Lilia Vu carded the lowest final round score of 5–under, –14 total, to win by 6 strokes in the final major of the year at the AIG Women’s Open in Surrey, England on Aug. 13, elevating to the Rolex Women's World No. 1 ranked player.
The Southern California native from Fountain Valley in Orange County, California, won her first LPGA tournament at the Honda LPGA Thailand in February—and now has bagged her third victory of the year, including a second major at the Chevron Championship.
"It sounds almost unreal. I had a pretty tough run the past couple months [since winning Chevron]," said Vu, having missed four of six cuts. "I didn't even feel like myself for the past couple of months. [Coming] into this tournament. I sat down with my team and we just wanted to be in contention."
Vu now leads the Rolex Player of the Year standings with 154 points; she is second on both the Race to the CME Globe with 2,068.618 points and the Official Money List with $2,519,386.
Following the Chevron Championship, "just how I felt afterwards and just honestly thinking that those two wins were a fluke and just to be here today, I can't thank my team and my family enough for really believing in me, and it was just really hard," Vu said.
"It just comes down to not thinking about winning, just playing one shot at a time. I mean, this golf course really forces you to do that. It really tests you," added Vu." So that was my only goal just to drive the ball well and just give myself chances for birdie."
Vu was tied with local favorite Charley Hull, who grew up 30 minutes away, at the beginning of the final round but pulled away early with birdies on the par-4 No. 2 and the par-3 No. 9 holes.
Hull would bogey holes No. 3–4 to fall four strokes behind after the front nine. The crowd came to a roar with hope following Hull's greenside bunker shot that rolled in for an eagle on the par-5 No. 11.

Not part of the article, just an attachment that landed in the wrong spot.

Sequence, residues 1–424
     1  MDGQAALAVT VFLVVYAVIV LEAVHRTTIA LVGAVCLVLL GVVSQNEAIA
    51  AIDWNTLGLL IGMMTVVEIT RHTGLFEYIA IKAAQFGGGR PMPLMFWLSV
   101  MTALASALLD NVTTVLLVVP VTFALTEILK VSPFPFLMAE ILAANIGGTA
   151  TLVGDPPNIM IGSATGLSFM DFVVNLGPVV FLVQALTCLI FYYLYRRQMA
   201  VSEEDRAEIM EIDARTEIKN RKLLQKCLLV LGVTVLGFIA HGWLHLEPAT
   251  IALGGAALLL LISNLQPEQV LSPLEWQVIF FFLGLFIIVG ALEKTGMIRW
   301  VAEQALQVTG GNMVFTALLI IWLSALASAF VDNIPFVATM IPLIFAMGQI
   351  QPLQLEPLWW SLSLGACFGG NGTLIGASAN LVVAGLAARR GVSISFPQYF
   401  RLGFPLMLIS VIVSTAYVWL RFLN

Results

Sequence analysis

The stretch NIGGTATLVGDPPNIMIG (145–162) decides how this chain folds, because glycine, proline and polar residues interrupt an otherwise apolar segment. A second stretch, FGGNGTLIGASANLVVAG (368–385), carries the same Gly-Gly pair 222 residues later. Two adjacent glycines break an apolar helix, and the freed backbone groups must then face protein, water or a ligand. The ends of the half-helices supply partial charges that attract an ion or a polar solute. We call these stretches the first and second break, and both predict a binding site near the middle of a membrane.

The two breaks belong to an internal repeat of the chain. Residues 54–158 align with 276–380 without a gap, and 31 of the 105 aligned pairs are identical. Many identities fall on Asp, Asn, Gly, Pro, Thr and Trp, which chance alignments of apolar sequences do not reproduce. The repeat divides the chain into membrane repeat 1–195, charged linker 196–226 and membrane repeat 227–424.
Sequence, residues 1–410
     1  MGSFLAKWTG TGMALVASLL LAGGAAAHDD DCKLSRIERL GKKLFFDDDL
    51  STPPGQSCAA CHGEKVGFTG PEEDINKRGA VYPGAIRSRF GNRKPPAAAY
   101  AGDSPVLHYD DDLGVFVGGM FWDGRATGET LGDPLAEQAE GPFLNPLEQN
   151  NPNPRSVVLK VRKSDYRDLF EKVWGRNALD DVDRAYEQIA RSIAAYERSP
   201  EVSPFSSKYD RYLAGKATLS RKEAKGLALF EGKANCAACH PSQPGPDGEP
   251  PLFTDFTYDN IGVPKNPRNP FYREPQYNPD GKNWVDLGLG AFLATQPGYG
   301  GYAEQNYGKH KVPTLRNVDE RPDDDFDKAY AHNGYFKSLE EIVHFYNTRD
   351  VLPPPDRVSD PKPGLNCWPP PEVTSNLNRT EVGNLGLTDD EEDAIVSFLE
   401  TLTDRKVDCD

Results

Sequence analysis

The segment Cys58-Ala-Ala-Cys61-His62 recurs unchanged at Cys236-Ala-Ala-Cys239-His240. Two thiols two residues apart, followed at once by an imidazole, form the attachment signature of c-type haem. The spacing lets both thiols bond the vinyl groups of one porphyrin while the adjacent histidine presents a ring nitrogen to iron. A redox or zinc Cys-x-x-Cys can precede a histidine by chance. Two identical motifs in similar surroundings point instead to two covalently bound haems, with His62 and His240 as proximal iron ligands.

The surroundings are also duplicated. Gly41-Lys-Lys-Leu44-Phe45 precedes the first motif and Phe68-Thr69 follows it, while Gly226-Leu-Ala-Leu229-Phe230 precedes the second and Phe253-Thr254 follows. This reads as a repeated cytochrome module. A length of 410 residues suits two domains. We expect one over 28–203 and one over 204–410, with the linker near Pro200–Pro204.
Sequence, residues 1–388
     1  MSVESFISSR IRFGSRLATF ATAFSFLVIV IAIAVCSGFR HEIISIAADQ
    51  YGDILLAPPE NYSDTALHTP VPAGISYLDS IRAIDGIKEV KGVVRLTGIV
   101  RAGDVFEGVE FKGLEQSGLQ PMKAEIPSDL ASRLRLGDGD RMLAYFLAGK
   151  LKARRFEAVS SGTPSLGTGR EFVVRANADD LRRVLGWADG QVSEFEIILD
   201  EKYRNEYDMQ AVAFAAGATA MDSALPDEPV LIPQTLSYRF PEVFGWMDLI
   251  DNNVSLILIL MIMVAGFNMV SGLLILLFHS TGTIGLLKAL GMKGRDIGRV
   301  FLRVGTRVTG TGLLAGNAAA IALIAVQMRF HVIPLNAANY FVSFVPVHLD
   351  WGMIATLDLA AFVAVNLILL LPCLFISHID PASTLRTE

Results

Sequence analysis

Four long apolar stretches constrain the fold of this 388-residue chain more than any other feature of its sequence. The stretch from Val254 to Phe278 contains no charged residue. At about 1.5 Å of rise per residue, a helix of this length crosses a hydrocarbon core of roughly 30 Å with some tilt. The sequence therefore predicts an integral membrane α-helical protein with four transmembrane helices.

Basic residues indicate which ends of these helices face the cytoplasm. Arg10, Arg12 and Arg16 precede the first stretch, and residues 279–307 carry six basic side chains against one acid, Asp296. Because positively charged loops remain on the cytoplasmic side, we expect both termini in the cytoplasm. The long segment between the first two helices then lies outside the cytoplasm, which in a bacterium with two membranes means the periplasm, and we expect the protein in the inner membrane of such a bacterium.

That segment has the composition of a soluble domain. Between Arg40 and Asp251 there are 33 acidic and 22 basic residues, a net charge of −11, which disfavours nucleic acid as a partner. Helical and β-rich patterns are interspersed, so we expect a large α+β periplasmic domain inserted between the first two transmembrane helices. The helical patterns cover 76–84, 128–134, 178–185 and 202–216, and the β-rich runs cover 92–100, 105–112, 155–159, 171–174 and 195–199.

Hull wasn't able to get any closer with bogeys on Nos. 15 and 17. Protesters disrupted play on the 17th green with canisters filled with colored spray before being escorted away.
“It’s just annoying because this is my fourth second-place finish of the year and second second-place finish in a major,” said Hull. “But I really feel like next year will be my time for me.”
Vu pulled away on the back nine with birdies on holes Nos. 10, 12, 16, and 18—with her only bogey of the day on the par-4 15th.
"This has been the best crowd (that) I've ever played in my life," said Vu. "I will remember this moment for the rest of my life ... (the crowd) has been so great—I know they're rooting for Charley, but they clap for me too which is amazing."
J. Yai Shin finished third at 7–under—while two other S. Korean compatriots, H. Joo Kim and Amy Yang, tied for fourth.
Three Americans tied for sixth: Allisen Corpuz, Angel Yin, and 36-hole leader Ally Ewing.
Other American notables include former World Rolex No. 1 Nelly Korda who tied with Alison Lee of Los Angeles, for 11th at –2; while Andrea Lee from the South Bay in Los Angeles finished at 3–under.
In 2019, Vu made just one cut in nine LPGA tournaments a rookie. She considered quitting and eventually regained full status for the 2022 season though the Epson Tour while earning Player of the Year honors.
Vu's message to children with aspirations of playing professional golf is "just keep believing. Write down your goals, have the best people around you to help you reach that goal, and just never give up."
Vu spent most of her young amateur career practicing at Baker G.C. at Mile Square Park under the guidance of her father—who learned golf through reading books to coach Vu and her older brother.
In 2016 at UCLA, Vu was awarded the PAC-12 Freshman of the Year, and WGCA Player of the Year—eventually becoming a three-time All-American, while winning eight individual titles for the Bruin record.
Vu also represented the U.S. at the 2018 Curtis Cup, Arnold Palmer Cup, and won the Espírito Santo Trophy—holding the No. 1 World Amateur Golf Ranking for a record of 31 weeks in 2018–2019.